And you thought eugenics died with the Nazis! You silly American. Eugenics not only has its modern roots in early 20th century progressivism, it is alive and well among, of all people, our new Science Czar. In some circles at least, his past published works supporting doping the water supply to sterilize entire populations and encouraging forced abortions are coming back to haunt him. Well, sort of.
President Obama's "science czar," John Holdren, once floated the idea of forced abortions, "compulsory sterilization," and the creation of a "Planetary Regime" that would oversee human population levels and control all natural resources as a means of protecting the planet -- controversial ideas his critics say should have been brought up in his Senate confirmation hearings.
Holdren, who has degrees from MIT and Stanford and headed a science policy program at Harvard's Kennedy School of Government for the past 13 years, won the unanimous approval of the Senate as the president's chief science adviser.
Maybe he has had a kind of conversion and now believes in your right to chose to have a child without a government permit? Not so. William Dembski weighed in on this issue making the point that he has not recanted. Our Science Czar still believes in government controlled eugenics – the act of deciding who gets to be born, who should be aborted, and who should be euthanized. It is, after all, for the common good.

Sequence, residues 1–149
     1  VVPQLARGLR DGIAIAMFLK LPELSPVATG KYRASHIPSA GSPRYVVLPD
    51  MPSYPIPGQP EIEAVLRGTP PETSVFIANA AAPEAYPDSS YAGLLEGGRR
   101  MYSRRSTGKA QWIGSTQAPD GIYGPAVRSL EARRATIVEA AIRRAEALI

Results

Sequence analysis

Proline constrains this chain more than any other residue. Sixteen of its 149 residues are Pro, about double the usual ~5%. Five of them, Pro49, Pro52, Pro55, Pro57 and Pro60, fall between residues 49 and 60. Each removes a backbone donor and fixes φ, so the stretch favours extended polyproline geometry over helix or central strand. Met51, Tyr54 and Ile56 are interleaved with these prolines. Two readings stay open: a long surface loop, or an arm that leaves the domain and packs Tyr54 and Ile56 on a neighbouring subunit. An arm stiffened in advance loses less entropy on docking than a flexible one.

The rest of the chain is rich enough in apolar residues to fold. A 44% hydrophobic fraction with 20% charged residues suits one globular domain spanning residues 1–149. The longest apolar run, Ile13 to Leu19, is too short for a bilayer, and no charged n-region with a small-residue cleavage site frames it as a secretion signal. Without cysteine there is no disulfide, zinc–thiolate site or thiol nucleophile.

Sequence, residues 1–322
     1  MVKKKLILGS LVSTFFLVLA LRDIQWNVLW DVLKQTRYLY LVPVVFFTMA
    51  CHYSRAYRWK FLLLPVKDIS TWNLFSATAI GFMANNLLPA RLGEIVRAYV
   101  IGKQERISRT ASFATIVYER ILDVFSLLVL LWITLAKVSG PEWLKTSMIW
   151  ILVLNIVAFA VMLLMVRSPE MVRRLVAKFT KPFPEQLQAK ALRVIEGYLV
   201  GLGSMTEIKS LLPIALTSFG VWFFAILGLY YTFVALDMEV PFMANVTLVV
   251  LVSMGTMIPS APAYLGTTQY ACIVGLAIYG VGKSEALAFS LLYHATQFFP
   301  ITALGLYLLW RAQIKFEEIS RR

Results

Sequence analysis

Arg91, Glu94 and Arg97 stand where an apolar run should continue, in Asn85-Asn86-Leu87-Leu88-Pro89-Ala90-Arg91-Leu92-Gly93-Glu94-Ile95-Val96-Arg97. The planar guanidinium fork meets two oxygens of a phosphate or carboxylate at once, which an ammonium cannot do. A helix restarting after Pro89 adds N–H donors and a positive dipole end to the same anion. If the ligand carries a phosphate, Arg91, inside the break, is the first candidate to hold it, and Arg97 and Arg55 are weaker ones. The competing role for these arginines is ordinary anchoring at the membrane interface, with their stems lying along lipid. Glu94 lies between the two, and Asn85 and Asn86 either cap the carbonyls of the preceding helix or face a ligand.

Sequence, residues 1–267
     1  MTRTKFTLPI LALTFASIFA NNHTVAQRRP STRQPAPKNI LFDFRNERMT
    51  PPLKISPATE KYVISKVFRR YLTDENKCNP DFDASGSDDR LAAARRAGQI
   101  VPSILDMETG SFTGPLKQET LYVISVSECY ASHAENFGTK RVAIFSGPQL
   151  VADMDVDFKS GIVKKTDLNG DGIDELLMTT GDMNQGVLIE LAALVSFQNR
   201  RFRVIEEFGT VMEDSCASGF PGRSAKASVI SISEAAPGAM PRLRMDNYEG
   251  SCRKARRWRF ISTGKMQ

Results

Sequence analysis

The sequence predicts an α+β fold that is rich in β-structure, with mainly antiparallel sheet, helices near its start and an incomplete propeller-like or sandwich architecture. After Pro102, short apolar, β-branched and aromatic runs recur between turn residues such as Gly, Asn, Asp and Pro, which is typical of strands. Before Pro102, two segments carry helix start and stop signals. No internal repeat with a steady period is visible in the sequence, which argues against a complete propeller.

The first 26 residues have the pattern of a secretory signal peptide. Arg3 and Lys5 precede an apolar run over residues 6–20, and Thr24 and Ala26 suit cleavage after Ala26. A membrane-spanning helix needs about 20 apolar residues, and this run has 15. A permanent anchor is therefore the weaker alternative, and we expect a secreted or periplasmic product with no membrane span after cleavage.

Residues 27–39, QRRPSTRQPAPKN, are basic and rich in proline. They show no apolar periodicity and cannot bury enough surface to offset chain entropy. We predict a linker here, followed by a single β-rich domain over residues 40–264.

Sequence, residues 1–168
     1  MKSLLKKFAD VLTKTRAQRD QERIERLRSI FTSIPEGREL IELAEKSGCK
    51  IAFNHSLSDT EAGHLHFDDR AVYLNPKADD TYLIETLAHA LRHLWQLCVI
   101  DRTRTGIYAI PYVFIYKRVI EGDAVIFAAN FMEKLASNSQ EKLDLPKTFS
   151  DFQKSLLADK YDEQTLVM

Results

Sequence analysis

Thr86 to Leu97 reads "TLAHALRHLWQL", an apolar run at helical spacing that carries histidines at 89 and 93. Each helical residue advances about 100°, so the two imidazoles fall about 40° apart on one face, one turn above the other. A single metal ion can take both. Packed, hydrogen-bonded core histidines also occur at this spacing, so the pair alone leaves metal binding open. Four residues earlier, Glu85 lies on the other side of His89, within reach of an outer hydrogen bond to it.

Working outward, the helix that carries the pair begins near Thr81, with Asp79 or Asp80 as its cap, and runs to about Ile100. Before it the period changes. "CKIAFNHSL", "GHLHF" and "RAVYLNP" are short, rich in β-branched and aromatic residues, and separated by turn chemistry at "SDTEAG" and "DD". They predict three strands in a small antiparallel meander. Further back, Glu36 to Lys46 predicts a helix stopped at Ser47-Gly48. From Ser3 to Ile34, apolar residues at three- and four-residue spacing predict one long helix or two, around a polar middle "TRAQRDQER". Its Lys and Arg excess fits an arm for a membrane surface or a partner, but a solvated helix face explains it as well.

But Dembski makes a further point. Scientists like Holdren consider themselves the priests of the new religion, Materialism. They alone see the problems of the world, and then proceed to act as our saviors. With cool scientific precision, they will (scientifically) solve our problems if we will only do what they say.
Holdren nevertheless represents the powerful new caste of scientists who have appointed themselves the guardians of humanity and the priests of a new social order. Their agenda and pretensions would be transparently obvious except that, with the mantle of their scientific expertise, they intimidate ordinary people from asking the right questions and thereby exposing their aims. Their strategy is always the same: Scientists have discovered a problem that, as their models and data (often falsely) demonstrate, is on the verge of getting out of control; now, if only we do exactly as they say, we'll avoid catastrophe.
Who knows exactly how much sway Holdren will have in the new administration, but the question has to be asked and answered, why appoint a eugenicist in the first place?